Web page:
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Bibliographic InfoPaper provided by Institute for the Study of Labor (IZA) in its series IZA Discussion Papers with number 4528.
Length: 36 pages
Date of creation: Oct 2009
Date of revision:
Publication status: published in: B.E. Journal of Economic Analysis and Policy: Contributions to Economic Analysis and Policy, 2010, 10 (1), Article 26
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Other versions of this item:
- Ortega Francesc, 2010. "Immigration, Citizenship, and the Size of Government," The B.E. Journal of Economic Analysis & Policy, De Gruyter, vol. 10(1), pages 1-40, March.
- F22 - International Economics - - International Factor Movements and International Business - - - International Migration
- I2 - Health, Education, and Welfare - - Education
- J62 - Labor and Demographic Economics - - Mobility, Unemployment, Vacancies, and Immigrant Workers - - - Job, Occupational and Intergenerational Mobility; Promotion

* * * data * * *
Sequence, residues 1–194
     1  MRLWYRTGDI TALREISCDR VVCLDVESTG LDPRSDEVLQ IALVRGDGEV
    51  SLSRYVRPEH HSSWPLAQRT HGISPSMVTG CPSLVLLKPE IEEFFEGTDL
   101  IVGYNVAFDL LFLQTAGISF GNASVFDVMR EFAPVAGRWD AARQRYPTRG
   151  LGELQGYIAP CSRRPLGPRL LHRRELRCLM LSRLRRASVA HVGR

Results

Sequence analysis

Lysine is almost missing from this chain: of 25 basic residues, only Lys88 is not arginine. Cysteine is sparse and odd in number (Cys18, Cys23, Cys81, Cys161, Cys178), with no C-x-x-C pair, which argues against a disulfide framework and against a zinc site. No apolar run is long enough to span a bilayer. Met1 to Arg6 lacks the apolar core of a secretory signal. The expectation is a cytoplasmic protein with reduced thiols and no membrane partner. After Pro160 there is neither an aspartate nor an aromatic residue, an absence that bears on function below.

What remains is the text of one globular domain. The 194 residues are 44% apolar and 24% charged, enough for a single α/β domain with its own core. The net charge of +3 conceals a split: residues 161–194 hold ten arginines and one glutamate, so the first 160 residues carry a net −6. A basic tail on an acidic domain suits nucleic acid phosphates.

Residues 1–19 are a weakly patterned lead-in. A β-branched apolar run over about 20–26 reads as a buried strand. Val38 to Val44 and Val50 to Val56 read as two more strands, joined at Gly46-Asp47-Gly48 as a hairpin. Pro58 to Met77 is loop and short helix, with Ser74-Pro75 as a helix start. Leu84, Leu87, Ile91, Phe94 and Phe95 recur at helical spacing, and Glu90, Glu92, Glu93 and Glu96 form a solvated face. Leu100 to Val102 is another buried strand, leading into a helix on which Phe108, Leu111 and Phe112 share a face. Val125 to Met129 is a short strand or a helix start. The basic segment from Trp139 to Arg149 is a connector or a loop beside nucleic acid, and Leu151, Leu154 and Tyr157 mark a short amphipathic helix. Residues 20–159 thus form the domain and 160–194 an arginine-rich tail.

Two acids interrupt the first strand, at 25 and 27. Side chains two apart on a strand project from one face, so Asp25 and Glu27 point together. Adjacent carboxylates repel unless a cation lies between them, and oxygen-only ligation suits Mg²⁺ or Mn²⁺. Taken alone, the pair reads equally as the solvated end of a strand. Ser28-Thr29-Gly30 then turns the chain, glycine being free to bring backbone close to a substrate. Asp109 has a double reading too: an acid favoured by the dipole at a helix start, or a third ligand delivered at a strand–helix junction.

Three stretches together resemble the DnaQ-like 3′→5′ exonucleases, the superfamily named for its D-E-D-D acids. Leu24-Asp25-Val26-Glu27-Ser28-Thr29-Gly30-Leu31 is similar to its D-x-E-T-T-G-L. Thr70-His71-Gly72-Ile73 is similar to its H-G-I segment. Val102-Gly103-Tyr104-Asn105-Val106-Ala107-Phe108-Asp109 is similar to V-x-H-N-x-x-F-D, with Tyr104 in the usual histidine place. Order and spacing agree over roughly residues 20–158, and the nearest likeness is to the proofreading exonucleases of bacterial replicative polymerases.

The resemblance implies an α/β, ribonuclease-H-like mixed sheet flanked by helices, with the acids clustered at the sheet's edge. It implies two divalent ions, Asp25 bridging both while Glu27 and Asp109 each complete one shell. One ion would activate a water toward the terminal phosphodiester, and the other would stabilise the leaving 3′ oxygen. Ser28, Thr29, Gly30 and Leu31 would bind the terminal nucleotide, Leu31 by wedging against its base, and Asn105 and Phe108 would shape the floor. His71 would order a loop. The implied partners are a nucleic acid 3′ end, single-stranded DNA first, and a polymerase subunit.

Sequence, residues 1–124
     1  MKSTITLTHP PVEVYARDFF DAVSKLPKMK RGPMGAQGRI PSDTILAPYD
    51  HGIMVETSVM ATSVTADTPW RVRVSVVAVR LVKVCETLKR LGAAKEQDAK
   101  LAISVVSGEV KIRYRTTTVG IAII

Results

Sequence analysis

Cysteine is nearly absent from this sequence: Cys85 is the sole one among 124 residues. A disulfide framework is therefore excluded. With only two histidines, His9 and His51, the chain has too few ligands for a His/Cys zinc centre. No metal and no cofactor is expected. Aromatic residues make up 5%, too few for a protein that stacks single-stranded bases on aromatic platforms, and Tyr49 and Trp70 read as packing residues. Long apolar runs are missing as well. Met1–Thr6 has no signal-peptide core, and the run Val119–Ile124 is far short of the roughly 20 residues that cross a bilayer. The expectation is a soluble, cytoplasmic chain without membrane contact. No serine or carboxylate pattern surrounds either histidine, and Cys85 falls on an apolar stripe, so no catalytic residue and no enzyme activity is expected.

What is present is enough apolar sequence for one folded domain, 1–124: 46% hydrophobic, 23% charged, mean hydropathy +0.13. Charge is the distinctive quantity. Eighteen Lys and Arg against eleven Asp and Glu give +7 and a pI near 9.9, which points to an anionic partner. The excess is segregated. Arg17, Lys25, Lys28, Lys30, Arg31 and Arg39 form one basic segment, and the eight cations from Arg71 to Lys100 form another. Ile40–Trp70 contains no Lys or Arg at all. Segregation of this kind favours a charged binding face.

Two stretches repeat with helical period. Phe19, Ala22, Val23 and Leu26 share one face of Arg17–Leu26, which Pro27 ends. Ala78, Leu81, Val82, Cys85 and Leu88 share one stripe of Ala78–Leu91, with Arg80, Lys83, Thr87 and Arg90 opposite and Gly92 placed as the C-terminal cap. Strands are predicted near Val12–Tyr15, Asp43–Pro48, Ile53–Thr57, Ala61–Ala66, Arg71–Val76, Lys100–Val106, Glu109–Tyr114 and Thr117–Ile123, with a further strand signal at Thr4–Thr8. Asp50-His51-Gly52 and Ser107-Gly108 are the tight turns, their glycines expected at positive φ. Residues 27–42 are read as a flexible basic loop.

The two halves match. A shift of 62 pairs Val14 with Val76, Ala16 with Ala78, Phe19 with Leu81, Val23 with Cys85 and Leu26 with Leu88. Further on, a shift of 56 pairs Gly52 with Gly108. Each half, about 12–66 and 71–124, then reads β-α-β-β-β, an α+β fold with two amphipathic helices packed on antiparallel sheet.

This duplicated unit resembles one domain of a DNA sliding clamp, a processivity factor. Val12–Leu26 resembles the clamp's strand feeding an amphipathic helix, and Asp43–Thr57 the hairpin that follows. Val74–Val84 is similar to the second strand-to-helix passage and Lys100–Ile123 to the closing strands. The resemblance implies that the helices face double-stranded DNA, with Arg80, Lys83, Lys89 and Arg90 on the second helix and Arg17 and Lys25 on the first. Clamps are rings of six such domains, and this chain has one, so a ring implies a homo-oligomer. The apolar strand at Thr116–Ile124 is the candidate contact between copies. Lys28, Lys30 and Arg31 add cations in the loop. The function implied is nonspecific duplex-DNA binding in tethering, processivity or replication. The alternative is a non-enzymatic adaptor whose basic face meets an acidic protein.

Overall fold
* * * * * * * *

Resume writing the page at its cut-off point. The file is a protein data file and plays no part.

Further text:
This paper has been announced in the following NEP Reports:
- NEP-ALL-2009-11-14 (All new papers)
- NEP-MIG-2009-11-14 (Economics of Human Migration)
- NEP-POL-2009-11-14 (Positive Political Economics)
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- Francesc Ortega & Javier G. Polavieja, 2009.
"Labor-market exposure as a determinant of attitudes toward immigration,"
2009-14, Instituto Madrileño de Estudios Avanzados (IMDEA) Ciencias Sociales.
- Ortega, Francesc & Polavieja, Javier G., 2012. "Labor-market exposure as a determinant of attitudes toward immigration," Labour Economics, Elsevier, vol. 19(3), pages 298-311.